Then, by the time he returned, she would be away on her visit East. — А когда он вернётся, она будет уже далеко на Востоке.

Не, too, had been told of her contemplated Eastern trip, and he felt the need for haste.Он знал о её предполагаемой поездке на Восток и понимал, что надо торопиться.

Then, too, he was handicapped by the possession of a great fund of experience with girls and women who had been absolutely different from her.Весь его предыдущий опыт только затруднял положение; женщины и девушки, с которыми он привык иметь дело, были совсем другие.

…and convincing him, in spite of himself, of his own unworthiness.…невольно внушала мысль о том, что он её недостоин.

Also he was handicapped in another way. — Было и ещё одно обстоятельство, осложнявшее дело.

They had been diversions, incidents, part of the game men play, but a small part at most.Это было для него минутной забавой, случайностью, элементом сложной игры, из которой состоит жизнь мужчины, — и притом второстепенным элементом.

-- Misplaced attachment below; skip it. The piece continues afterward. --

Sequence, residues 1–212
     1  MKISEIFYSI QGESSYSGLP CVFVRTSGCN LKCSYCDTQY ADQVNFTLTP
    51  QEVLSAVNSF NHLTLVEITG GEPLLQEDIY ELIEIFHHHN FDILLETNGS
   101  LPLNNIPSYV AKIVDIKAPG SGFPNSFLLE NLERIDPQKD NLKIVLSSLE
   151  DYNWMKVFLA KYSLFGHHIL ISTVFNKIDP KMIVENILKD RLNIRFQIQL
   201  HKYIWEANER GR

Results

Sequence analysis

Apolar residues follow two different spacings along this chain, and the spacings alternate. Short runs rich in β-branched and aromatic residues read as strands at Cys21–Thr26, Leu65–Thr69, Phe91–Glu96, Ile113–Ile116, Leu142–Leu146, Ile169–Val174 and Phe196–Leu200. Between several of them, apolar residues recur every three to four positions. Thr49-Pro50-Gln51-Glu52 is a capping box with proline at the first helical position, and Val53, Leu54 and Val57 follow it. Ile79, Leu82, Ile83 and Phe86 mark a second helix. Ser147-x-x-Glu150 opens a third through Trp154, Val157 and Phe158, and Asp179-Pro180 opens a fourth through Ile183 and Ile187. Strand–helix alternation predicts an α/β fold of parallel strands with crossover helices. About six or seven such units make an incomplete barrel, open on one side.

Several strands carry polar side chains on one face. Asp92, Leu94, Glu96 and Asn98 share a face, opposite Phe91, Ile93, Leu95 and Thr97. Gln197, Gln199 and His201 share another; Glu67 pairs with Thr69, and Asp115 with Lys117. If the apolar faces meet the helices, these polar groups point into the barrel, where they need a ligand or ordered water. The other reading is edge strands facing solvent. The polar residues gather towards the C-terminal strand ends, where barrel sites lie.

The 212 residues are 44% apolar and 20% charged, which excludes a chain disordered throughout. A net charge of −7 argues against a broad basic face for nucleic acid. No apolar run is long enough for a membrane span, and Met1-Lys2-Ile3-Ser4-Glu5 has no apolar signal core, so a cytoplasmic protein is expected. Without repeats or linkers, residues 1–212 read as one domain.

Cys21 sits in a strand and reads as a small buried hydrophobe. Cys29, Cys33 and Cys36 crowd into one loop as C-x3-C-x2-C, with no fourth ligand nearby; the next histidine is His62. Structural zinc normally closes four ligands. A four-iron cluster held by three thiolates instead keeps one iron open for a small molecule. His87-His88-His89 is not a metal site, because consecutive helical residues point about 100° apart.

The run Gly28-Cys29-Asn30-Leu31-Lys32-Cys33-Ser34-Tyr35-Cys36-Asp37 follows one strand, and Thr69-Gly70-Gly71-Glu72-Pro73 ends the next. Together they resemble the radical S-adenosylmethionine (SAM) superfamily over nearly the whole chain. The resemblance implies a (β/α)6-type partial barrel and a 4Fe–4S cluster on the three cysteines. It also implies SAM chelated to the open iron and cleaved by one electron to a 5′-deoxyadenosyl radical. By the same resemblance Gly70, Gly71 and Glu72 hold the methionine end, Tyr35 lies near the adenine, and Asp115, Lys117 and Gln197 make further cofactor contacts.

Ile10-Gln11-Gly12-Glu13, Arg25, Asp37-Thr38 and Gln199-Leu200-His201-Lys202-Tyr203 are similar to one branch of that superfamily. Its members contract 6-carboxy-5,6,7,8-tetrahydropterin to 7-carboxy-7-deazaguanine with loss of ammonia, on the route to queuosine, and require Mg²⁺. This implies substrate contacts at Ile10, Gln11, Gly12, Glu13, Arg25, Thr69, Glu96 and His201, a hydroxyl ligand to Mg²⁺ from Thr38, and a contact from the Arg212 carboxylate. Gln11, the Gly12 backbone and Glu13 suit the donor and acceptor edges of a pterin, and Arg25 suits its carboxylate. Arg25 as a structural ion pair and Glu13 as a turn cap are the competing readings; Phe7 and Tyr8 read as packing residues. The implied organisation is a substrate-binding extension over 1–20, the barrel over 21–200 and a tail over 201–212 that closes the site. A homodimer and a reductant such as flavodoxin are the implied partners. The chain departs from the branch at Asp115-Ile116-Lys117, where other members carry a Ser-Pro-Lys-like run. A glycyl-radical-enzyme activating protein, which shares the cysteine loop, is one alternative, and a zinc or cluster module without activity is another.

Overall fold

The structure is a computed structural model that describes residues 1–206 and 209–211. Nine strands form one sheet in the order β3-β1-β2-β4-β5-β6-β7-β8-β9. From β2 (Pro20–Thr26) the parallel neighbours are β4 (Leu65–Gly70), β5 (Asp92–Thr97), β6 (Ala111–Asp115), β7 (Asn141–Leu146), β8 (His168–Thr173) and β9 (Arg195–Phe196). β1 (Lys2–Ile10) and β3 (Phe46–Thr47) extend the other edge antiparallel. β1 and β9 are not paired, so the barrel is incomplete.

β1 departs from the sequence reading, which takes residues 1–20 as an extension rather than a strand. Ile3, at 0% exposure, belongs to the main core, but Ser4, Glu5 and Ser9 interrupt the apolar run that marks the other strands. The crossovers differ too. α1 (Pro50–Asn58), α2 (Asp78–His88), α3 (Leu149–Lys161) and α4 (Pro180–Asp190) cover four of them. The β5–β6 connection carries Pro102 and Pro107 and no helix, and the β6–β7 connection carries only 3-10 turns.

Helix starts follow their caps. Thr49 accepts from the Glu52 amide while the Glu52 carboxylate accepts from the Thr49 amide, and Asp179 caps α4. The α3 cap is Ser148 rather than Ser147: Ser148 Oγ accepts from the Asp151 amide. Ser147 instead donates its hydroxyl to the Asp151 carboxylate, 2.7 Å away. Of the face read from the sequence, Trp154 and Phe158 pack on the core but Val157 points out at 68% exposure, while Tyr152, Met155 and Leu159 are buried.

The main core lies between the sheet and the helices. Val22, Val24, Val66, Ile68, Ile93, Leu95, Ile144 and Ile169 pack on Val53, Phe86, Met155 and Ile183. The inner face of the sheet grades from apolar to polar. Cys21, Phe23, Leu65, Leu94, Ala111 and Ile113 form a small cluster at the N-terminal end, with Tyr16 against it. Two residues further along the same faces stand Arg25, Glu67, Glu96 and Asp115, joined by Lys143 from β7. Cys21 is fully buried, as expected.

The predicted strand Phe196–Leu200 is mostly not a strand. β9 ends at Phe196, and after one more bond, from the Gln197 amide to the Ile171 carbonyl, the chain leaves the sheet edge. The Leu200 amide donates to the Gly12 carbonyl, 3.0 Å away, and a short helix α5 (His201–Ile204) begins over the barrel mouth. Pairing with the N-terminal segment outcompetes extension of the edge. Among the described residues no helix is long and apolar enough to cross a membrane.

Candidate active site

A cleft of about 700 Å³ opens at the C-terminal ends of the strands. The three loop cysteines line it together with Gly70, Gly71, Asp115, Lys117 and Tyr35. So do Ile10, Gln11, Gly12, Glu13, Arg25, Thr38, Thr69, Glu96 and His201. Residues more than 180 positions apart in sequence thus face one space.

Не did not know the way of love, nor its speech, while he was frightened at his loved one’s clear innocence.Он не знал, как приступить, что говорить, теряясь перед безмятежной чистотой своей возлюбленной.

In the course of getting acquainted with a varied world, whirling on through the ever changing phases of it, he had learned a rule of conduct which was to the effect that when one played a strange game, he should let the other fellow play first. This had stood him in good stead a thousand times and trained him as an observer as well. He knew how to watch the thing that was strange, and to wait for a weakness, for a place of entrance, to divulge itself. It was like sparring for an opening in fist-fighting. And when such an opening came, he knew by long experience to play for it and to play hard.